Title: Lying for Leninism
Subtitle: An analysis of G. Zinoviev’s letter to the I.W.W.
Author: Iain McKay
Source: Retrieved on 2nd August 2020 from http://struggle.ws/anarchism/writers/anarcho/zinoviev.html

In January 1920, G. ZINOVIEV, President of the Central Executive Committee of the Third International, sent a letter to the Industrial Workers of the World. It appeared in a 1920 issue of One Big Union Monthly, a regular publication of the IWW that appeared up until about World War 2.

It is an interesting document. Given what Zinoviev wrote in the letter and the actual conditions that existed in Russia at the time, we can safely say that Stalinism did not invent doublethink or systematic lying as a political principle. As we will prove, the arguments and descriptions of Zinoviev amount to little more than a deliberate distortion. In plain words, lies pure and simple.

It may be argued that Zinoviev lied because of the dire situation the Russian Revolution was facing. By lying, he helped ensure that the revolution was not defeated by gaining supporters for it in America and elsewhere. However, such a position fails to understand the power of truth nor the corrupting influence of lies. As the Italian Marxist Antonio Gramsci once wrote, “to tell the truth is a communist and revolutionary act.” A real social revolution cannot base itself on lies as those taking part in it must be in a position to understand it, criticise it and make the appropriate decisions to push it forwards. If only a few have the truth, only they will have meaningful power. Clearly, by systematically lying in his letter, Zinoviev showed that Bolshevism and Soviet Russia were not communist nor revolutionary. By lying Zinoviev did not defend the revolution, he betrayed its spirit just as the Bolsheviks had betrayed its promise.

It may be argued that this critique is based on hindsight. Perhaps, but the facts we document here were known at the time. As Kropotkin argued (in his “Letter to the Workers of Western Europe”) one year before Zinoviev wrote his letter to the I.W.W:

“the Russian revolution ... is trying to reach ... economic equality ... this effort has been made in Russia under a strongly centralised party dictatorship ... this effort to build a communist republic on the basis of a strongly centralised state communism under the iron law of a party dictatorship is bound to end in failure. We are learning to know in Russia how not to introduce communism.” [Kropotkin’s Revolutionary Pamphlets, p. 254]

Clearly, Kropotkin and other anarchists at the time were well aware of the failures of the Bolshevik experiment, failures Zinoviev fails to mention in his letter. As such, this analysis has strong similarities with the work of anarchists in Russia at the time. Given that their critique was a product of their experiences during the revolution, it cannot be said that my analysis is purely the benefit of hindsight.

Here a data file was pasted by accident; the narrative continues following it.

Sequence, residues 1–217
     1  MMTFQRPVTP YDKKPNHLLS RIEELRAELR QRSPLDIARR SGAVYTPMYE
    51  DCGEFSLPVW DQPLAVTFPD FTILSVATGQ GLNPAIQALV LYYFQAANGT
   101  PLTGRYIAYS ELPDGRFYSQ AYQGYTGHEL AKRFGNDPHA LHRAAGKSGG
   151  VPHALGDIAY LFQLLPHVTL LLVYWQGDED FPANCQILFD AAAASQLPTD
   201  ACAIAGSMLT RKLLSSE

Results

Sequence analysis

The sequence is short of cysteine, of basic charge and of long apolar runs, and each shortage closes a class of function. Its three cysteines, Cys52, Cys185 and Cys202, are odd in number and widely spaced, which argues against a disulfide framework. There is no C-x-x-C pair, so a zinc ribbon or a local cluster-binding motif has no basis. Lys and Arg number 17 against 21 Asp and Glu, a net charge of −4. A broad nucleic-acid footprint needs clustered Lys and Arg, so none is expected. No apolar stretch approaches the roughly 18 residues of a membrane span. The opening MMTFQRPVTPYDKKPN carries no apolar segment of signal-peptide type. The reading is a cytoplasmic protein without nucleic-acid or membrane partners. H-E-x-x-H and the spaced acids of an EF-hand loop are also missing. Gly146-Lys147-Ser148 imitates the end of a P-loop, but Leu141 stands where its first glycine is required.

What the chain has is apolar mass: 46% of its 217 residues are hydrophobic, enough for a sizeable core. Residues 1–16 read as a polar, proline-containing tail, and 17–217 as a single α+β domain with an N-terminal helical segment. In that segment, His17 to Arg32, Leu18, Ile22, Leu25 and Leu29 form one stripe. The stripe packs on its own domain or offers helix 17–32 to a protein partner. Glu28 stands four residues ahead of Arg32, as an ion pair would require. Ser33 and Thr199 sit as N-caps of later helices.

I shall present an anarchist analysis of Zinoviev’s comments. His words are indented while mines are not. In addition,I will concentrate on the divergence between Zinoviev’s rhetoric and the reality of the Bolshevik Russia. His analysis of the class struggle in the USA at the time will not be discussed.

The Communist International to the I.W.W.
An Appeal of the Executive Committee of the Third International at Moscow


Now is no time to talk of “building the new society within the shell of the old.” The old society is cracking its shell. The workers must establish the Dictatorship of the Proletariat, which alone can build the new society.

An article in the ONE BIG UNION MONTHLY, your official organ, asks, “Why should we follow the Bolsheviks?” According to the writer, all that the Bolshevik Revolution in Russia has done is “to give the Russian people the vote.”

This is, of course, untrue. The Bolshevik Revolution has taken the factories, mills, mines, land and financial institutions out of the hands of the capitalists, and transferred them to the WHOLE WORKING CLASS.

This is, of course, untrue for two reasons.

Firstly, the Bolsheviks may have given the Russian people the vote, but they ensured that it counted for nothing. The Bolsheviks centralised power into the hands of the Council of People’s Commissars, effectively reducing the soviets to bodies carrying out the orders flowing from the top. Moreover, they also systematically disbanded, by force, soviets which had non-Bolshevik majorities elected to them. Needless to say, marginalising and disbanding soviets hardly equals giving the working class a meaningful vote. The Bolsheviks may have claimed to be in favour of soviet democracy and power, but their actions proved otherwise